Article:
American Ending to a French Tragedy

by Walter “Bud” Stuhldreher

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In the September, 2008 issue of the VFW magazine Richard K. Kolb told an interesting tale of the aftermath of France’s failed eight-year war in In dochina, how badly the survivors were treated by the French populace.  But the article failed to mention it ended with its wounded being returned in an American hospital ship.  Here is the story as excerpted from a longer story in Sour M.A.S.H. At Sea – Second Wave published in 2004.


In August, 1954 the USS Haven (AH-12) was sitting off Inchon, Korea, as required by the Geneva Convention in a war zone.  After serving four tours in Korea, away from the States 49 of the past 57 months, the 700 bed hospital ship was preparing to return to San Francisco.  The ship was worn out; its officers, doctors and enlisted men were also more than ready to return home.  Not to be. Its Captain, Captain John P. Clark, USNR, was surprised to receive a radiogram directing it to proceed to Yokosuka, Japan, to off-load any wounded and load supplies in preparation for a long trip which would start in Saigon, French Indochina. 

The ship had handled over 18,000 inpatients and over 35,000 outpatients during its four tours in Korea, both enemy and Allied Forces, mostly American.  54% of the wounded were patched up and returned to the front lines.  (The nurses always said this was their toughest duty.)  It was justifiably proud of its low death rate, ˝ of 1%.  The news was a blow to the crew who had left Long Beach, California, on January 4, 1954, eight long months earlier, so not going home now was bad news.

Recently the Communist Vietnamese had decisively defeated the French at Dien Bien Phu, in western Tonkin.  The 55 day siege of this fortress cost the French 16,000 casualties, the Vietnamese lost about 20,000.  This defeat ended the rule of France, and the entire French army was withdrawn.  The US State Department, after many argumentative discussions, was sending the Haven to pick up over 700 French Legionnaires who had been wounded in this last battle.

On September 1, 1954, the Haven left Pier 2, Yokosuka Naval Station,  and started a week-long passage to Saigon, Viet Nam’s “Paris of the East,” where it would begin its 35,000 nautical miles long trip home, sailing through the Indian Ocean, the Suez Canal, the Atlantic Ocean, the Panama Canal and the Pacific Ocean, returning to Long Beach.  An immensely grueling trip in those long ago days, before GPS, Loran or any other navigation aid.   With outdated charts – some missing – the navigator, my friend Lt(jg) Richard Ruehlin, USNR, faced an almost impossible task. 

The reservist doctors and regular officers, like me, due to be transferred to other ships, had been released from the ship.  Thus the Haven was left with a reduced medical complement.  The 56 doctors had been reduced to nine.  Not a single dispatch had been received from the French regarding the medical condition of the Legionnaires, just that over 700 needed transport back home.  Based on the assumption that the wounded would have been operated on, most of the surgeons had been released.  On board were 24 ship’s company officers, 9 doctors, 28 nurses, three dentists, one female pharmacist officer and 424 enlisted men, including a couple hundred corpsmen.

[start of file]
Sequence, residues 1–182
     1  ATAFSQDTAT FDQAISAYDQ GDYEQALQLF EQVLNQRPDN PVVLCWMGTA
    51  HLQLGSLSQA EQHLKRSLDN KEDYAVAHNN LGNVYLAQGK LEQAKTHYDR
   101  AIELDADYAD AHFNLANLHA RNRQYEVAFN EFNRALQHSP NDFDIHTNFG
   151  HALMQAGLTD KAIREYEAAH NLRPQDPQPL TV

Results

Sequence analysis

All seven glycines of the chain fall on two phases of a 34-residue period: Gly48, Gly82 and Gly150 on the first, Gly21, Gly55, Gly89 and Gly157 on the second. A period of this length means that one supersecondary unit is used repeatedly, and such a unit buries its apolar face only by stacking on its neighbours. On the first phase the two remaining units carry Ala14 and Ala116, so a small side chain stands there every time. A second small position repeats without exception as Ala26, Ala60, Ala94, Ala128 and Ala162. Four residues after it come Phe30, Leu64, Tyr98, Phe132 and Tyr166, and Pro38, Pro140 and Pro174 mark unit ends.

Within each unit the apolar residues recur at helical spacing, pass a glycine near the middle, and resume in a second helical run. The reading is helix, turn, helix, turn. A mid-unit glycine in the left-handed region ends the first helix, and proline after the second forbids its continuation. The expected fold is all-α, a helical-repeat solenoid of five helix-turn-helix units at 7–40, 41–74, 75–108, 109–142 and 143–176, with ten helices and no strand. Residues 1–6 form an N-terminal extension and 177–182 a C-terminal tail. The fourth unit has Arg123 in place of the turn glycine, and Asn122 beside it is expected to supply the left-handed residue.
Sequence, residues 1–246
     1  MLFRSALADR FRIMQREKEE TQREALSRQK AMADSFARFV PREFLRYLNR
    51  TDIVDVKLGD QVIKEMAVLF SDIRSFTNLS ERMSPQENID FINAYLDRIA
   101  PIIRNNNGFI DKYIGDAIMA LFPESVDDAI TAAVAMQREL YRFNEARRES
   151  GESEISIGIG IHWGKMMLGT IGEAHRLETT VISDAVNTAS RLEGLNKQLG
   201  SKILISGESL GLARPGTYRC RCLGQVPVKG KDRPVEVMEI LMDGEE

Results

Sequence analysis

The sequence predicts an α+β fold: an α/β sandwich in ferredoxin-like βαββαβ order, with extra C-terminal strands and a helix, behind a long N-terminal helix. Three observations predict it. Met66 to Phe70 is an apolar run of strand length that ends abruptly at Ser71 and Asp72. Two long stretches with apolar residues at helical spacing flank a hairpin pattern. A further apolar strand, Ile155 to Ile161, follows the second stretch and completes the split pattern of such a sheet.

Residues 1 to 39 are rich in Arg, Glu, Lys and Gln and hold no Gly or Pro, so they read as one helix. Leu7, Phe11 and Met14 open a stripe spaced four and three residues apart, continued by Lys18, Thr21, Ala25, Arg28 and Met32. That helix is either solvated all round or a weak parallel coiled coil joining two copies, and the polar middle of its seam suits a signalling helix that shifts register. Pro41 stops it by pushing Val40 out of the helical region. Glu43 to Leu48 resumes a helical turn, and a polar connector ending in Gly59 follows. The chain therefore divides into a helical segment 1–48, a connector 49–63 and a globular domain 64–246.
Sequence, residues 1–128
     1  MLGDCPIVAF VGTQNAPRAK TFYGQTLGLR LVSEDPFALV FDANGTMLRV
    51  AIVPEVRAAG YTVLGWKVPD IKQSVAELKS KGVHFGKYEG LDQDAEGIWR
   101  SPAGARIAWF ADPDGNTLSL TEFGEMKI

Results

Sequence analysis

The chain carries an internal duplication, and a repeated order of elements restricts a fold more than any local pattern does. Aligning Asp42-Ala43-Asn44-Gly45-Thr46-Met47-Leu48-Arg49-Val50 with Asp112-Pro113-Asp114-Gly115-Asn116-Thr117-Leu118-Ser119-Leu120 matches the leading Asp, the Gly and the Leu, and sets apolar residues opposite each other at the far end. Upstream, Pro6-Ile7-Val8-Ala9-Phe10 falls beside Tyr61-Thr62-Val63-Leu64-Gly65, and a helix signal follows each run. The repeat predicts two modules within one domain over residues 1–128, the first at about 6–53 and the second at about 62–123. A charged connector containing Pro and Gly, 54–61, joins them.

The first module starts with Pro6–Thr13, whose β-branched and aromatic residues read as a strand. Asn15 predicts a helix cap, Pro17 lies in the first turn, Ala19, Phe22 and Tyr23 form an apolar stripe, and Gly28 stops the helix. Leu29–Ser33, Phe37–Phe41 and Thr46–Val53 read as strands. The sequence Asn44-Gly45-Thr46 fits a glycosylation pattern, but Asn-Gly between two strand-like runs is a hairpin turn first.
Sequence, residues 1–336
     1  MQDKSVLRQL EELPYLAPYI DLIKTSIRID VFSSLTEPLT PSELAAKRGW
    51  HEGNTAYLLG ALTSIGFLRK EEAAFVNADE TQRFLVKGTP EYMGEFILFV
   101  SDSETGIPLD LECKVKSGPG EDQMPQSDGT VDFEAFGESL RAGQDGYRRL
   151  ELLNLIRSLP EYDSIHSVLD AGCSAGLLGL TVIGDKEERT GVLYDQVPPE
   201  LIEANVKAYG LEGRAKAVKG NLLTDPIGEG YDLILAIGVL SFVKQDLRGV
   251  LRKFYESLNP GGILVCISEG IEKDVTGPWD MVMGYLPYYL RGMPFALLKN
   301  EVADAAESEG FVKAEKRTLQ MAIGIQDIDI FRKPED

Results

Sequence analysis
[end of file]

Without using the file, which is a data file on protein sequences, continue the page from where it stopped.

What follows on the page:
Arriving on September 8, the ship had a five-hour trip up the Riviere de Saigon prior to docking.  The Haven was greeted by a military band and several hundred soldiers standing at attention.  But no wounded!  It turned out to be the first of many French screw-ups and tomorrow was the best they could do regarding loading the wounded.  So, at 0200 the crew was awakened, had breakfast and was ready to accept what turned out to be 721 patients at 0600.  As far as the eye could see, French ambulances of varying sizes stretched out in an orderly row along the broad, tree-lined boulevard.

The ambulatory patients were assisted aboard and the first words spoken were “Ou est la head?”   The rest were either carried up the ship’s ladders or were winched up in litters.  Red tape reared its ugly head, requiring many documents to be signed, slowing up the process.  Four French officers also came aboard for the trip: a paymaster, chaplain and two doctors to assist the crew, interpreting when necessary, otherwise handling administrative duties.

The wounded were a disparate bunch: 420 enlisted Foreign Legionnaires plus 300 regular French Army, French Navy and Legionnaire officers.  Among the enlisted Legionnaires were two Americans.  As the ship left the dock the next day the French military band played the French National Anthem.  As the soldiers on the pier held their salutes, they were probably wishing they were going home in the air-conditioned comfort of the Haven, so generously loaned by the US Government.  You would think this sentiment would be shared by the grateful 721 French wounded, so recently mired in heat , isolation, harsh conditions and defeat .  But, as you shall see, they didn’t, indeed, made the difficult trip a bitter one for the crew with their incessant bitching.  French to the core, I guess.

The plan was to transport the wounded enlisted Legionnaires to Oran, Algeria, then proceed to Marseilles, France, to off-load the wounded Legionnaires officers.  (Enlisted Legionnaires weren’t allowed in France then.)  The regular French Army and Navy wounded would also be off-loaded in Marseilles.

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